Political disarray continues to drag on the British Pound against the US Dollar (GBP/USD), with the pair facing up to its worst monthly losses since May last year. The situation is however even more distressed for the Pound against the Euro (GBP/EUR) which is on track for its worst monthly performance in almost two years. With Donald Trump firing off a fresh salvo of tariff threats overnight too, it seems inevitable that currency market volatility won’t abate any time soon.
By mid-morning, the Pound to Euro (GBP/EUR) exchange rate was trading in the region of 1.1282, while the Pound to US Dollar (GBP/USD) exchange rate is trading at 1.2578.
Pound on Course for Worst Monthly Slide Since August 2017
Concern that no new progress was being made over Brexit and an increasingly hostile rhetoric with senior European Union politicians has seen the Pound come under fresh selling pressure as the month-end nears. Against the Euro, Sterling is on course for its worst monthly slide since August 2017. Although sluggish German inflation data due for release later today could see some of these gains for the common currency being reversed, the reality remains that a no-deal Brexit is moving back onto the table. Markets remain wary of any such outcome and with this lingering, meaningful gains for Sterling could be difficult to find.
Trump Tariffs for Mexico Cause US Dollar Surges Versus Mexican Peso and Canadian Dollar
There was a surprise from the White House last night after Donald Trump announced a 5.0% import tariff on all goods from Mexico from June 10th, until all illegal immigration is stopped. The move came just as lawmakers in Washington began the process of trying to ratify the replacement North American Free Trade Agreement (NAFTA) and as a result, served a blow to both the Mexican Peso (USD/MXN up 3.0%) and the Canadian Dollar (USD/CAD up 0.3%).
The bigger concern here is that Donald Trump shows no sign of relenting from his tariff-driven strategy despite the damage this may cause to the US or wider global economies. Europe is already bracing itself for a round of retaliatory tariffs over alleged illegal subsidies for Airbus. It seems unlikely that these will take effect before a WTO ruling, which is due around the end of July, but with swift unilateral action rather than diplomatic negotiation remaining the dominant theme, currencies remain liable to big swings emerging off the back of moves like this.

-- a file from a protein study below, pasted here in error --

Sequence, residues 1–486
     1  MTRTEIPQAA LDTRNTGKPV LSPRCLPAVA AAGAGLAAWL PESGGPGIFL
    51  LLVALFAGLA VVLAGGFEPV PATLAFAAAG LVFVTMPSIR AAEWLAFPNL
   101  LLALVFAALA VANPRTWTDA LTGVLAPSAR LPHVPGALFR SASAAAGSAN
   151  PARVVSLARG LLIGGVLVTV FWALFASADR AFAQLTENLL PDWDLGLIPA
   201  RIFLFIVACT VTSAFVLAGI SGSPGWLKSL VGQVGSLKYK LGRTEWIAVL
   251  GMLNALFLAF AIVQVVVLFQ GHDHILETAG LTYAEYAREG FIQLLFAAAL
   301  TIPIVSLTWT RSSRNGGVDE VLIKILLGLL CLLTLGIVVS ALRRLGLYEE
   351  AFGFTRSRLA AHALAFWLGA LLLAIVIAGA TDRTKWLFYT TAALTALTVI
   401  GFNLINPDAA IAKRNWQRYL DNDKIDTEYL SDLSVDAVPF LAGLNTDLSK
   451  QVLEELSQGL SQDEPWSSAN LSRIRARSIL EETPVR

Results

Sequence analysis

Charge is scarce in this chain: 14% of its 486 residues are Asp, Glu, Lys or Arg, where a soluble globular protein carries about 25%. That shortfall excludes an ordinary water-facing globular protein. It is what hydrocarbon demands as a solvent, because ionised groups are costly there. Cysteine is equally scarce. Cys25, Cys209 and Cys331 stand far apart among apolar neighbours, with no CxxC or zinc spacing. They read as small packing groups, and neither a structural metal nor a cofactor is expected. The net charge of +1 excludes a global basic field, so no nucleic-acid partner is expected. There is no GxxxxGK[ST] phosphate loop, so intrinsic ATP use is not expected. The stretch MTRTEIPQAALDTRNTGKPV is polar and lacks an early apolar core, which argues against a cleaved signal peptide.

GBP/USD, EUR/USD, GBP/EUR Exchange Rate Movements
The Pound has fallen against the US Dollar (GBP/USD) every day this week and as it stands, there’s no sign of any let-up being seen here. UK political disarray dominates the agenda and with no quick resolution in sight here, there’s scope to see this selling being sustained for some time yet.
Similarly, the Euro has been under pressure against the US Dollar (EUR/USD) since the start of the week. There are questions being asked as to the future political direction of the European Union, while the shadow of punitive US trade tariffs will also continue to linger over the common currency.
The Pound has spent the week trading sideways against the Euro (GBP/EUR). There’s no sign of any reversion emerging from the sustained sell-off seen around the middle of the month, although with no indication as to where UK politics are going any time soon, support is likely to remain thin on the ground.
Why Did it Move? – USD/JPY
The Japanese Yen fell to its lowest level in four months against the US Dollar (JPY/USD) last night, with a combination of factors in play. US trade tariffs against Mexico served up a reminder that use of this tactic shows no sign of abating, while-worse-than-expected Japanese economic data covering housing sales and consumer confidence also took a toll on the currency. USD/JPY fell from 109.60 before the tariff announcement to below 109.00 this morning.